Previous reports of the Surgeon General, including those on tobacco (1964), AIDS (1987), and mental health (1999), have helped to create understanding and urgency to address critical public health challenges. Building on this heritage, The Surgeon General’s Report on Alcohol, Drugs, and Health will equip clinicians, policymakers, law enforcement, community leaders, and families with the evidence and tools they need to take action.

Together, we can prevent addiction and create hope for millions of people in treatment and recovery. When we stop judging, we can start helping.

#MentalHealthReform

Mental illness is still being denied by insurers at more than 2 times the rate of physical illness. People aren’t getting the mental health care they need when they need it.

Mental Health Reform, S. 2680, will help. But, time is running out.

Take 2 minutes on Tuesday, November 15th. Call your Senators. Tell them to demand a vote on S. 2680 now.

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SAMHSA's Minority Fellowship Program accepting fellowship applications for 2017-18

SAMHSA's Minority Fellowship Program (MFP) grantees have started to accept fellowship applications for the 2017-18 academic cycle. The MFP seeks to improve behavioral health outcomes of racially and ethnically diverse populations by increasing the number of well - trained, culturally-competent, behavioral health professionals available to work in underserved, minority communities. The program offers scholarship assistance, training, and mentoring for individuals seeking degrees in behavioral health who meet program eligibility requirements.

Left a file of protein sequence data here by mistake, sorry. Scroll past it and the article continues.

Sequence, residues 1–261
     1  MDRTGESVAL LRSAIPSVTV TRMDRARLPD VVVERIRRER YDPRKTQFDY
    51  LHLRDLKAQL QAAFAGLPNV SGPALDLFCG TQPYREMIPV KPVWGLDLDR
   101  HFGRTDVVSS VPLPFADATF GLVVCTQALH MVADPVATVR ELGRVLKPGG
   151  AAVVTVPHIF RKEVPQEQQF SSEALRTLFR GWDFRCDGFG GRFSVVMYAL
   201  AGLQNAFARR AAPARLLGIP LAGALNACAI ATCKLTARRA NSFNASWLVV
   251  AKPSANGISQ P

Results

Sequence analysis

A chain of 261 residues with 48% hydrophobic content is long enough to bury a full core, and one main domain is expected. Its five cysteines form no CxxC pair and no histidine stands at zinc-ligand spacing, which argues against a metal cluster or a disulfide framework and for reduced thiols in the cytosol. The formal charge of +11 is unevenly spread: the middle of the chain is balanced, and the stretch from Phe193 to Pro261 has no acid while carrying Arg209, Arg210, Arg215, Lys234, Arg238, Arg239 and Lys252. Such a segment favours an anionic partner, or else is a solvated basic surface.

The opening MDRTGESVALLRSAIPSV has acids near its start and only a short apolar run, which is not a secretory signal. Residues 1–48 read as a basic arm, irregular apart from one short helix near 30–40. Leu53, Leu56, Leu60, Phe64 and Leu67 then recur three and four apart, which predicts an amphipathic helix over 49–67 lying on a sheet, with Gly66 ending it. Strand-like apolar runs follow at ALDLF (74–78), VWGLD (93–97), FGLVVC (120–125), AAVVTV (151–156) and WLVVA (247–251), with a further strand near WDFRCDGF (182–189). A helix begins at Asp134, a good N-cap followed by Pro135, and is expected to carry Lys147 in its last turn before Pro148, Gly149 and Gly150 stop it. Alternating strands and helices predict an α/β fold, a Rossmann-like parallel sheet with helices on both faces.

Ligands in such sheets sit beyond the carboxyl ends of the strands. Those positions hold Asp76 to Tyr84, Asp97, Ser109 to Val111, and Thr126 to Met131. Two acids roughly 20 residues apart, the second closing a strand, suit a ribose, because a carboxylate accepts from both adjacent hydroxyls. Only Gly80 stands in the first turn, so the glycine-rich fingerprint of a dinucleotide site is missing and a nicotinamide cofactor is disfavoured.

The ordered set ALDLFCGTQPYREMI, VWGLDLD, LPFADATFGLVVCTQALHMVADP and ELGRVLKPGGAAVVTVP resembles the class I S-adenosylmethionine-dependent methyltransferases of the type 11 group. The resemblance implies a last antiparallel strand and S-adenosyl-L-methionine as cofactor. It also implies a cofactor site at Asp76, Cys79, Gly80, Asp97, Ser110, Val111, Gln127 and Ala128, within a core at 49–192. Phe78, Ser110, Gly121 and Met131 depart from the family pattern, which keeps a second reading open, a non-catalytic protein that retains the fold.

For more information and to apply for each program, please click each individual program link above.

OMH and SAMHSA MyMentalHealth Twitter Chat

The Office of Minority Health along with SAMSHA is hosting a #MyMentalHealth Twitter chat to coincide with National Minority Mental Health Awareness Month on July 27th at 2 pm ET. This chat will bring together partners from various backgrounds and agencies to discuss mental health in minority communities.

Mental health impacts all of us in various ways and we want to hear your voice in this important discussion. Please consider joining the Twitter chat as a partner, helping us promote the event on social media and sharing your work, content and resources during the chat. Attached to this email you will find promotional content and the questions that will be asked during the chat. Also, if you're not able to attend the chat please feel free to schedule tweets as we have included the times when each question is expected to go out.

To sign on as a partner or get more information, please feel free to contact Shana Griffith at This email address is being protected from spambots. You need JavaScript enabled to view it.. Thank you for your support! #MyMentalHealth.